On Stewardship and the Orthodox Life - Part 13: Sacrificial Giving
…And when they had eaten their fill, he told his disciples, "Gather up the fragments left over, that nothing may be lost." (John 6:12 RSV)
If the Orthodox people had the love of God firmly embedded in their hearts, if every church member were saturated with the spirit of self-sacrifice, there would be no lack of funds for the church-at-large, the local parishes or any ministry of the church that needs those funds to operate. Our resources would be multiplied. A thousand doors of usefulness would be opened.
If ever there were a time to sacrifice, it is now. We must practice economy in our homes. We must put away the worldly idols that have been placed before God. We must give up selfish pleasures. We must not expend our means to simply beautify the places where we live our lives. After all, we have said so many times here, our money belongs to God, it will be to Him that we will have to give an account for its use. We cannot give in to every fad and fancy that comes along to entertain ourselves and our children. When those temptations arise, it is the perfect time to instruct our family members that God has a claim on everything (yes, everything!) we possess – and nothing will ever cancel that claim!
Our money and goods are needed treasures. We cannot lavish them upon those who do not need them. Someone needs our willing gifts. There are those in our world, or around the corner from where we live who are hungry, yes, starving. We might say, “But I cannot feed them all!” But by practicing sacrificial giving, we can feed one at a time. "Gather up the fragments left over, that nothing may be lost." These words were spoken by Christ whose power supplied the needs of a large group of hungry people.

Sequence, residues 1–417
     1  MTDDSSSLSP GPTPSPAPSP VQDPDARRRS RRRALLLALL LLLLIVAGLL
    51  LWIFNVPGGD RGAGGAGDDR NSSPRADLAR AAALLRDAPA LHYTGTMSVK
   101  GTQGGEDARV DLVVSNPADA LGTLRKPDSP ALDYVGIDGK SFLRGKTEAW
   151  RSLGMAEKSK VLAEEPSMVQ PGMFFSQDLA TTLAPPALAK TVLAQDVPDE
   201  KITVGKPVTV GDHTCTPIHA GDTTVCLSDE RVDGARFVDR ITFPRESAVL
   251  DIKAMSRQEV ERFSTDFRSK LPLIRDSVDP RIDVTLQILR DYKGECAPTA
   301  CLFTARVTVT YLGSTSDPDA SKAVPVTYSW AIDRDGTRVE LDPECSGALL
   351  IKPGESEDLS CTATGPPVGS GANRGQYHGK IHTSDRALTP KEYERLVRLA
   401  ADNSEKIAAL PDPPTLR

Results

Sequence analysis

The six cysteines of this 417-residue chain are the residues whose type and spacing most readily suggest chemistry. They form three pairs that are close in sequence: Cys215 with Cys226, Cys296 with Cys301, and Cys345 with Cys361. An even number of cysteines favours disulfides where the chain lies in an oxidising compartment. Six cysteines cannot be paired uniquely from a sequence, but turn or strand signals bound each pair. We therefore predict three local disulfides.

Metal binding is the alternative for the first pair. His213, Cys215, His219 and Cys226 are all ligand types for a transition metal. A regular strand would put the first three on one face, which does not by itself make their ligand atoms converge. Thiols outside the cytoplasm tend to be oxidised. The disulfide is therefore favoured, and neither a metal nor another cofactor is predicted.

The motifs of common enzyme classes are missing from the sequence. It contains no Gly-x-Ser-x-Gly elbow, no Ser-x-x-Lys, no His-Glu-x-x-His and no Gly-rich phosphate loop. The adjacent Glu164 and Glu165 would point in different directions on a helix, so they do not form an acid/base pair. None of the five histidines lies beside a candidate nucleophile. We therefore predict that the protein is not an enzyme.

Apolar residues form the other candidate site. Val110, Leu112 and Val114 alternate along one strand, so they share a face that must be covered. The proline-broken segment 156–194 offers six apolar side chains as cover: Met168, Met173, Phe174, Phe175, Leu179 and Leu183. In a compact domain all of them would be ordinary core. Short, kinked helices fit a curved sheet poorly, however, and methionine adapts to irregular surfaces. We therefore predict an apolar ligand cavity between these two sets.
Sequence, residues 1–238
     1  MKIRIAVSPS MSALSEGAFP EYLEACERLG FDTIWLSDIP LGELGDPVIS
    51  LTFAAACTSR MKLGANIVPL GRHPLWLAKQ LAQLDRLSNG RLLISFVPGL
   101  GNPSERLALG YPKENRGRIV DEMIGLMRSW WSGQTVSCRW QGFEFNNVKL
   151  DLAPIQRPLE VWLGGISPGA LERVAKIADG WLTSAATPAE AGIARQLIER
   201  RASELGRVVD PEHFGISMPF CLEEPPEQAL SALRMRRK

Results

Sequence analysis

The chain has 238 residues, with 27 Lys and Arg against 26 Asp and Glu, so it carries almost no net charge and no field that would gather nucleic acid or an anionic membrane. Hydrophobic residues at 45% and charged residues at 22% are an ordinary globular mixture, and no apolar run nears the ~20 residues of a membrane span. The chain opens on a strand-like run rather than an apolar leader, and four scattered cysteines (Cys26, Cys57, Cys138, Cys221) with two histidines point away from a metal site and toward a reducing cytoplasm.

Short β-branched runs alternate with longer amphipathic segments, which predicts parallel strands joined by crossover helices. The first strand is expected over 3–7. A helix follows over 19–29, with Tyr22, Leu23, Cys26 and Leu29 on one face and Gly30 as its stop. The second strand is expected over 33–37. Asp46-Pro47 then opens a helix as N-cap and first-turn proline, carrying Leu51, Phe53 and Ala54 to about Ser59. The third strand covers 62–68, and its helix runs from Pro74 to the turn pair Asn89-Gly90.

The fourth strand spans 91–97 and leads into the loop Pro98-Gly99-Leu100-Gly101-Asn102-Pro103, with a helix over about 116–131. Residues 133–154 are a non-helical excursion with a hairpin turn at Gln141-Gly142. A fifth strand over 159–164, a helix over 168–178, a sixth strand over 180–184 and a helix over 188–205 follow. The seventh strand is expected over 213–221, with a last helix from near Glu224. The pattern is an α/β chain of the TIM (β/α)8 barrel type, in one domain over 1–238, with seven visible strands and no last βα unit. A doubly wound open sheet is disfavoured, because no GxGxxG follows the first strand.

Do we practice excessive, extravagant habits? Then let us cut them away at once. The discipline of economy, industry, clear and selfless thinking are a much better gift to give our children than a rich inheritance.
We walk as strangers and pilgrims on this earth. Our “probationary” time in this life is limited as we prepare for the life that will be eternal. Let us not spend our brief time in this world satisfying the desires that God would have us curb. Of what value is wealth if it is stored up in automobiles, electronics, large and expensive homes, or invested in Wall Street, when we compare such wealth with the wealth that we need to store up to take with us into eternity?
This weekly series of brief thoughts on stewardship and Orthodox life is brought to you by your Diocesan Stewardship Commission.
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